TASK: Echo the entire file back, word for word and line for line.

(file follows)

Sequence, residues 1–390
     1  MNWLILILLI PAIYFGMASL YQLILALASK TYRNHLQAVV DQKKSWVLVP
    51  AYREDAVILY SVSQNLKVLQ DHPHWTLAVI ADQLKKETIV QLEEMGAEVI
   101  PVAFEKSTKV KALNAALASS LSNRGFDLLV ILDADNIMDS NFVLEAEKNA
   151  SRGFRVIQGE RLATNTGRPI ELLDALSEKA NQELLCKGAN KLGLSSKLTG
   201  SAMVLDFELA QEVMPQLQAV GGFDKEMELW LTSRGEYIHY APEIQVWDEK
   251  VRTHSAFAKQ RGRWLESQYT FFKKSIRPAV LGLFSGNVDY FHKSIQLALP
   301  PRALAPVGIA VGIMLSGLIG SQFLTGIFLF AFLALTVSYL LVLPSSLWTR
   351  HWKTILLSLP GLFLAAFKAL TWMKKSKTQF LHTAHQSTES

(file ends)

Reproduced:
Sequence, residues 1–390
     1  MNWLILILLI PAIYFGMASL YQLILALASK TYRNHLQAVV DQKKSWVLVP
    51  AYREDAVILY SVSQNLKVLQ DHPHWTLAVI ADQLKKETIV QLEEMGAEVI
   101  PVAFEKSTKV KALNAALASS LSNRGFDLLV ILDADNIMDS NFVLEAEKNA
   151  SRGFRVIQGE RLATNTGRPI ELLDALSEKA NQELLCKGAN KLGLSSKLTG
   201  SAMVLDFELA QEVMPQLQAV GGFDKEMELW LTSRGEYIHY APEIQVWDEK
   251  VRTHSAFAKQ RGRWLESQYT FFKKSIRPAV LGLFSGNVDY FHKSIQLALP
   301  PRALAPVGIA VGIMLSGLIG SQFLTGIFLF AFLALTVSYL LVLPSSLWTR
   351  HWKTILLSLP GLFLAAFKAL TWMKKSKTQF LHTAHQSTES